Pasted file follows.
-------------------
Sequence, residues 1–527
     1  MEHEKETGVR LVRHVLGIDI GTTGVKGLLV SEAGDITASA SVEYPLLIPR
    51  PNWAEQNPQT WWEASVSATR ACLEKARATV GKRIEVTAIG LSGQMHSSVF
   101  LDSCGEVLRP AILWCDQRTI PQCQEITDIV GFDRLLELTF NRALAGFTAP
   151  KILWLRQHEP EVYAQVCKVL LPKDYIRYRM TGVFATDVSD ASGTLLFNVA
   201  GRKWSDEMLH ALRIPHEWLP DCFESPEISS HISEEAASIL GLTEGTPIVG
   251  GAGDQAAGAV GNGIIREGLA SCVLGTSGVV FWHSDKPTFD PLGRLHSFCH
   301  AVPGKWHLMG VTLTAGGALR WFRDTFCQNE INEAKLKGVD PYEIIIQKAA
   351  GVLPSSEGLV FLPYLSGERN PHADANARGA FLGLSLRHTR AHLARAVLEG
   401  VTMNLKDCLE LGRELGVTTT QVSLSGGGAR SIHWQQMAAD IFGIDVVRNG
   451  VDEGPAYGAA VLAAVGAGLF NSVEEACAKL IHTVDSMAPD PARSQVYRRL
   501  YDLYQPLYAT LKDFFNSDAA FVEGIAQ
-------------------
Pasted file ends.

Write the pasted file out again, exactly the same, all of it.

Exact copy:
Sequence, residues 1–527
     1  MEHEKETGVR LVRHVLGIDI GTTGVKGLLV SEAGDITASA SVEYPLLIPR
    51  PNWAEQNPQT WWEASVSATR ACLEKARATV GKRIEVTAIG LSGQMHSSVF
   101  LDSCGEVLRP AILWCDQRTI PQCQEITDIV GFDRLLELTF NRALAGFTAP
   151  KILWLRQHEP EVYAQVCKVL LPKDYIRYRM TGVFATDVSD ASGTLLFNVA
   201  GRKWSDEMLH ALRIPHEWLP DCFESPEISS HISEEAASIL GLTEGTPIVG
   251  GAGDQAAGAV GNGIIREGLA SCVLGTSGVV FWHSDKPTFD PLGRLHSFCH
   301  AVPGKWHLMG VTLTAGGALR WFRDTFCQNE INEAKLKGVD PYEIIIQKAA
   351  GVLPSSEGLV FLPYLSGERN PHADANARGA FLGLSLRHTR AHLARAVLEG
   401  VTMNLKDCLE LGRELGVTTT QVSLSGGGAR SIHWQQMAAD IFGIDVVRNG
   451  VDEGPAYGAA VLAAVGAGLF NSVEEACAKL IHTVDSMAPD PARSQVYRRL
   501  YDLYQPLYAT LKDFFNSDAA FVEGIAQ